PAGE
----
Go to Content Go to Navigation Go to Navigation Go to Site Search Homepage

Your nurse or doctor will usually start by asking questions about your body, health, daily habits, relationships, and/or sex. It’s really important to be honest. They’re not trying to judge you or get you in trouble they just need to know this stuff to give you the best care. Then they’ll measure your height, weight, and blood pressure, and might give you a brief physical exam. During your check-up, the doctor or nurse may:

  • Give you the HPV vaccine.

  • Look at your genital area to make sure everything is healthy.

  • If you have a vagina, they may do a pelvic exam.

  • Test you for STDs (if you’ve had any kind of sex). STD testing is usually easy and painless — you’ll probably just pee in a cup.

  • If you have testicles (AKA balls), they may feel them to check for signs of testicular cancer, which is most common in younger adults (20-34 years old).

None of these things should be painful. If you feel pain or discomfort during your exam, tell your doctor or nurse — it could be a sign of a problem.

Also let your doctor or nurse know if you notice changes in your penis, testicles, breasts, or vulva.

You can bring a parent or other adult that you trust to your appointment. They can be in the room with you during your visit if you want. But you also have the right to talk with your doctor or nurse alone — and most of the time, your doctor will keep the info you share private. Read more about privacy at the doctor.

What happens at the gynecologist?

A gyno appointment usually starts with the nurse or doctor asking questions about your body, health, daily habits, relationships, sex, and/or birth control. Be honest —  they need to know this stuff to give you the best care. They’ll probably measure your height, weight, and blood pressure, and might give you a brief physical exam. If you have an exam, they might:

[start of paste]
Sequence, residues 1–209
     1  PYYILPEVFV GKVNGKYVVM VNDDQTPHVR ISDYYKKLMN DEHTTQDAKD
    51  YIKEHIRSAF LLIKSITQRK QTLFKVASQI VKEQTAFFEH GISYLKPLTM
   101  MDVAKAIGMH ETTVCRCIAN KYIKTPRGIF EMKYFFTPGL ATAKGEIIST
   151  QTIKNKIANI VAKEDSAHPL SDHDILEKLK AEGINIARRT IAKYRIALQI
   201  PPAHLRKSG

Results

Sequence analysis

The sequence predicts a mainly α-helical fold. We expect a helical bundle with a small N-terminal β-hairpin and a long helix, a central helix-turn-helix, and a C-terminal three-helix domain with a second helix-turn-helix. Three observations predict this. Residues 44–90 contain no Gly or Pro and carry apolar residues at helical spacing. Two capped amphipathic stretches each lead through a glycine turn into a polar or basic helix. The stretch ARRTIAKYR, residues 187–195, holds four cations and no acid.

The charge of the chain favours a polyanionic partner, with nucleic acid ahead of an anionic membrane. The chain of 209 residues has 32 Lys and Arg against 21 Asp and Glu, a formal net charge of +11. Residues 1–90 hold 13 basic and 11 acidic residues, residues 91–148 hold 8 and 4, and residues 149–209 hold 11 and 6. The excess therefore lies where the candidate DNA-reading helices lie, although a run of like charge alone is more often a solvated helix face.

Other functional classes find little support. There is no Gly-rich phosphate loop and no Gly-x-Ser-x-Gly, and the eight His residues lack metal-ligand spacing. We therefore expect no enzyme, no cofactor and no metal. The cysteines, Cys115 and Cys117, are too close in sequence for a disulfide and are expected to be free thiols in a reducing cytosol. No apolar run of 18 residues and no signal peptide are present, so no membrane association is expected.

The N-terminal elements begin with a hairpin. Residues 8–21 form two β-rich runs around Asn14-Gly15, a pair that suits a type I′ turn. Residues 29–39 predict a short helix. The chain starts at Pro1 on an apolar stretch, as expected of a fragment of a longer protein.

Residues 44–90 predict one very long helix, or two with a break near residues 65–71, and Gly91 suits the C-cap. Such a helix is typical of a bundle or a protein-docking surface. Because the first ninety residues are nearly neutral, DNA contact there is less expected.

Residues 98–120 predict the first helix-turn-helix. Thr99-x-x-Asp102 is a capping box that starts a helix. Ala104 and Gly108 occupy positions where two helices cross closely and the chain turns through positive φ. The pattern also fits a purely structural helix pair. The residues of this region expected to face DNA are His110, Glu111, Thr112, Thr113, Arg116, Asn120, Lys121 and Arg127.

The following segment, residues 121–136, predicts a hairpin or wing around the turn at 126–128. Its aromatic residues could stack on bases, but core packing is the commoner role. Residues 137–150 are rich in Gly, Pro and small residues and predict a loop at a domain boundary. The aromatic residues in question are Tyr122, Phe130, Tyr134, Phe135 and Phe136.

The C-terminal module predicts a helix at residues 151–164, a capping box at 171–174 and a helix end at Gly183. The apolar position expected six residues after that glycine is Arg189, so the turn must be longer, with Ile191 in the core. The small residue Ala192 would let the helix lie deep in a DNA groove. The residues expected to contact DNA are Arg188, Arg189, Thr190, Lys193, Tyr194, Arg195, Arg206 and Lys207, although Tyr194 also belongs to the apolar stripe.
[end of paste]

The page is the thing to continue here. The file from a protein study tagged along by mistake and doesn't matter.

• check your genitals and reproductive organs, like your vulva, vagina, uterus, ovaries, and fallopian tubes — this is called a pelvic exam. Pelvic exams usually only take a few minutes.

  • have you pee in a cup.

  • check your breasts.

  • test you for STDs (if you’ve had any kind of sex). STD testing is usually easy and painless.

  • give you the HPV vaccine.

  • give you a Pap test. You don’t usually need a Pap test until you turn 21, but some doctors do them sooner.

It’s normal to be a little nervous the first time you go to the gynecologist. Tell your doctor if you feel anxious or awkward, and they’ll do their best to help you feel as comfortable as possible.

You can bring a parent or other adult that you trust to your appointment, and they can be in the room with you during your visit if you want. But you also have the right to talk with your doctor or nurse alone — and most of the time, the doctor will keep the info that you share private. Read more about privacy at the doctor.